In varicose vein surgery, your surgeon will examine and remove any superficial veins that have become varicose veins. The veins that are situated deep within the tissue of your legs will adequately take over the role of the damaged veins.

One of the most common operations is ligation and stripping. This requires your surgeon to tie off the faulty vein (ligation) in order to stop blood flowing through it and then remove it (stripping). You may have phlebectomy (removal of the vein) with ligation and stripping to remove the smaller surface veins that lie just under your skin. In this operation, your surgeon will use little hooks to pull out your varicose veins through tiny cuts in your leg.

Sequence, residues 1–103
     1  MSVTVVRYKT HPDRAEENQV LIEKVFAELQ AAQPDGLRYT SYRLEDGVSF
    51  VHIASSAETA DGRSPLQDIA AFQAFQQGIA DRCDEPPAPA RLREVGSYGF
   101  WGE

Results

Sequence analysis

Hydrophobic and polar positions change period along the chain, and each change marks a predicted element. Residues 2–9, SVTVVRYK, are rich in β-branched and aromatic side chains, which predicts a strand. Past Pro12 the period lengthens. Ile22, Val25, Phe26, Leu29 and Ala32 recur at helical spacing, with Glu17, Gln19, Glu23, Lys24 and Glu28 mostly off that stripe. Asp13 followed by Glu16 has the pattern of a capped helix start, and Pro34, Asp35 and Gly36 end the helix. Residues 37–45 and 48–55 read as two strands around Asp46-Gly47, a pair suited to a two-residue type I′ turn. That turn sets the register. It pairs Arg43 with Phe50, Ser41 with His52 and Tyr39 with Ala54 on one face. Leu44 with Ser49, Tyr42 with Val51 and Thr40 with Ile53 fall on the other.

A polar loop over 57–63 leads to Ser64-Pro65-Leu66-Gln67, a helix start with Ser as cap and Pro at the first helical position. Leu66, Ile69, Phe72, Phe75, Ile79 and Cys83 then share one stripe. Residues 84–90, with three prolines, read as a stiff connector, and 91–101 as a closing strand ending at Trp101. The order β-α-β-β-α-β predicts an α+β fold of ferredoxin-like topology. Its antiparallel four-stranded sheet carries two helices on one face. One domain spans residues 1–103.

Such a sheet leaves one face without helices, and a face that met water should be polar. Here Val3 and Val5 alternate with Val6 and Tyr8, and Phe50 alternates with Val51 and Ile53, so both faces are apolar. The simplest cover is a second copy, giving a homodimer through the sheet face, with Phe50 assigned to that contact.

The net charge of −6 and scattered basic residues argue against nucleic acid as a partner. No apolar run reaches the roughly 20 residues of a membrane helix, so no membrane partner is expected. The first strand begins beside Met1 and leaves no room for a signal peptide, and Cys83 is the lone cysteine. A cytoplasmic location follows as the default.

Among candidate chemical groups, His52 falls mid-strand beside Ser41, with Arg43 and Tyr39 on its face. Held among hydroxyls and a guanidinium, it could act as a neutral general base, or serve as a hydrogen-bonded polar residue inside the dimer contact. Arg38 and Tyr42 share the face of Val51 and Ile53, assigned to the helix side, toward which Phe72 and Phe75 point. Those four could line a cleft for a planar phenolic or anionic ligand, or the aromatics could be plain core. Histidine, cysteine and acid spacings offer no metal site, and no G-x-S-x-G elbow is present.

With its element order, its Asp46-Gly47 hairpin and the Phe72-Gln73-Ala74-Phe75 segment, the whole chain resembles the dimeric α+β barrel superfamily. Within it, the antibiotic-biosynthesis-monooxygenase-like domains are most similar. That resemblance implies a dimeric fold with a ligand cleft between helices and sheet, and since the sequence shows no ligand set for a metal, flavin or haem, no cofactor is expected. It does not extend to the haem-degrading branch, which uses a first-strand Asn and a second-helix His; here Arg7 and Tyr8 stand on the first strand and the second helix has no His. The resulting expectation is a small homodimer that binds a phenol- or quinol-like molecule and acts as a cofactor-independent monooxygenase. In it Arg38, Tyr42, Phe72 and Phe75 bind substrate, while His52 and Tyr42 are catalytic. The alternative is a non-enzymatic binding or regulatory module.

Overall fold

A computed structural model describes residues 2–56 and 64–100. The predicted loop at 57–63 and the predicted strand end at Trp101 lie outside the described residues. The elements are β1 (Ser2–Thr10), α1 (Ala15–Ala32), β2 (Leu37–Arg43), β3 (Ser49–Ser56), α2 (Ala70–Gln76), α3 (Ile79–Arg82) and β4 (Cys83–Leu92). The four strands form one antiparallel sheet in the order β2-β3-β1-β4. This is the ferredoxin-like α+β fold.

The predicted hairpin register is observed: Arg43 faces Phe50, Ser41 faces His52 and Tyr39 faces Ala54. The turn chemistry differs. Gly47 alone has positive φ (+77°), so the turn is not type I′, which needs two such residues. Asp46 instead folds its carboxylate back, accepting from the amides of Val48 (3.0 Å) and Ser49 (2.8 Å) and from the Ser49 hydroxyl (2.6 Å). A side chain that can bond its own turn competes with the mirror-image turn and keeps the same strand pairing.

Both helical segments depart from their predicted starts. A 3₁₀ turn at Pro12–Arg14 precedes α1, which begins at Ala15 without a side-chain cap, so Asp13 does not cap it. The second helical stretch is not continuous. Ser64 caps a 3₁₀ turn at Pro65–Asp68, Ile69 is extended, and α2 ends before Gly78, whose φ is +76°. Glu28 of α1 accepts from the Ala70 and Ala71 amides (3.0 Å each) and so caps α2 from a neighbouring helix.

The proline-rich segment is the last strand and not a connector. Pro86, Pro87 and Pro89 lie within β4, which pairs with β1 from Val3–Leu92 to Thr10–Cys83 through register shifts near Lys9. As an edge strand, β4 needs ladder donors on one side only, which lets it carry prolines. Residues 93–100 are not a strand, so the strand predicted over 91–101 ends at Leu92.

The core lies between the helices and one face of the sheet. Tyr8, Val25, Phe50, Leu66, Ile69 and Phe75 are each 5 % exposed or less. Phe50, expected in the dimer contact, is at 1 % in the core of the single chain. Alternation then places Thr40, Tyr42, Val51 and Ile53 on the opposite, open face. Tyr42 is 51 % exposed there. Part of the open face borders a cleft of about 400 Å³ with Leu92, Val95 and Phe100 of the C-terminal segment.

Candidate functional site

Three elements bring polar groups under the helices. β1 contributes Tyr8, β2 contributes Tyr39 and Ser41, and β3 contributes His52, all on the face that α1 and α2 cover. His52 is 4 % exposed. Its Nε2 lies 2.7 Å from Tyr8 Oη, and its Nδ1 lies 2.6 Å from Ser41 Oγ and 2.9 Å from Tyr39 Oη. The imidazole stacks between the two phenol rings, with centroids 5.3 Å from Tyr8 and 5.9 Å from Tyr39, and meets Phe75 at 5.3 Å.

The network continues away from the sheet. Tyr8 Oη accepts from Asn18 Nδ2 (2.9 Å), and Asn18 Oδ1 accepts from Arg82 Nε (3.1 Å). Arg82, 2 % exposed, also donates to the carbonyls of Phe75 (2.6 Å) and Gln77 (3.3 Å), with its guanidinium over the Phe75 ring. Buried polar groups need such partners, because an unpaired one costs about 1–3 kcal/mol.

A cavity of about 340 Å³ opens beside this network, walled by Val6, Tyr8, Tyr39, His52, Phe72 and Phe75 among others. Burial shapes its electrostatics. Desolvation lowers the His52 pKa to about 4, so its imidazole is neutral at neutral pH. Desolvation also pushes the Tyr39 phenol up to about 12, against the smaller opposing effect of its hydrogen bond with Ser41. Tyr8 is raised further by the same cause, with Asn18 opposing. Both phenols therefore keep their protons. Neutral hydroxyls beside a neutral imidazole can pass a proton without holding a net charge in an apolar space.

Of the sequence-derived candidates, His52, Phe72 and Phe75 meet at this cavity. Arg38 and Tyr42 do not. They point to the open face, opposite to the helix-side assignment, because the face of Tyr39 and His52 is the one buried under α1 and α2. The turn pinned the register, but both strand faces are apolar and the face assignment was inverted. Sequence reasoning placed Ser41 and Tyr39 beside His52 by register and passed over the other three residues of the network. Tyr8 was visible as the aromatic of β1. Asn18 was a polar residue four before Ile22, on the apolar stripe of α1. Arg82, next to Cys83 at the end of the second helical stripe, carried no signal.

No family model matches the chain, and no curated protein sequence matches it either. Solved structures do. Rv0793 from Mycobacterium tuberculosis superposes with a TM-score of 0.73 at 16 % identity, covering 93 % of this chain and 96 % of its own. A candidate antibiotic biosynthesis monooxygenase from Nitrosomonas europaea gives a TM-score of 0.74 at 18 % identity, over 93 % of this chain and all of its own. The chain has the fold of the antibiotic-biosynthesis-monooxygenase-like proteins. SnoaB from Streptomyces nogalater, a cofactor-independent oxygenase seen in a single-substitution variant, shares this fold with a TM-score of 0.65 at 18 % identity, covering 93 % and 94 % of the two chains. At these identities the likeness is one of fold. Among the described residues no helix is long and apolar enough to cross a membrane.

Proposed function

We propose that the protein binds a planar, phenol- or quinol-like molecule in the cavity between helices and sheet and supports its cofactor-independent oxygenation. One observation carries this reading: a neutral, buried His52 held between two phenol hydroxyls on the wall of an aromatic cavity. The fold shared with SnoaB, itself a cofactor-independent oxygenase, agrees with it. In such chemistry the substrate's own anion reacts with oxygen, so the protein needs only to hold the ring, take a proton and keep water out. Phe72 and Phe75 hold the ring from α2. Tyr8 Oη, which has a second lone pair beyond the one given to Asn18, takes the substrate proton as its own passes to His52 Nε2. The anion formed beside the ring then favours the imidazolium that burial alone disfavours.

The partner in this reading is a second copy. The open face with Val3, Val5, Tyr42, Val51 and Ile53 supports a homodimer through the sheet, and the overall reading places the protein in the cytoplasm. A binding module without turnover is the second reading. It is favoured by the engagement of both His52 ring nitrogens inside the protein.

Sclerotherapy - This is a liquid or foam treatment which involves injecting a chemical into your varicose veins. This will force them to close. Liquid Sclerotherapy is often used to treat smaller varicose veins whereas for larger veins, foam Sclerotherapy would be used. After the procedure is complete, your surgeon will put a compression bandage over the area and you may need to wear compression stockings for up to two weeks. Studies have shown that this treatment is effective in the short-term for treating varicose veins, however, the long-term benefits aren't yet known. The procedure also has serious potential complications such as a stroke or damage to nerves. It's therefore important to tell your surgeon if there is a history of deep vein thrombosis (DVT) in the family and to discuss the safety of ultrasound guided foam Sclerotherapy.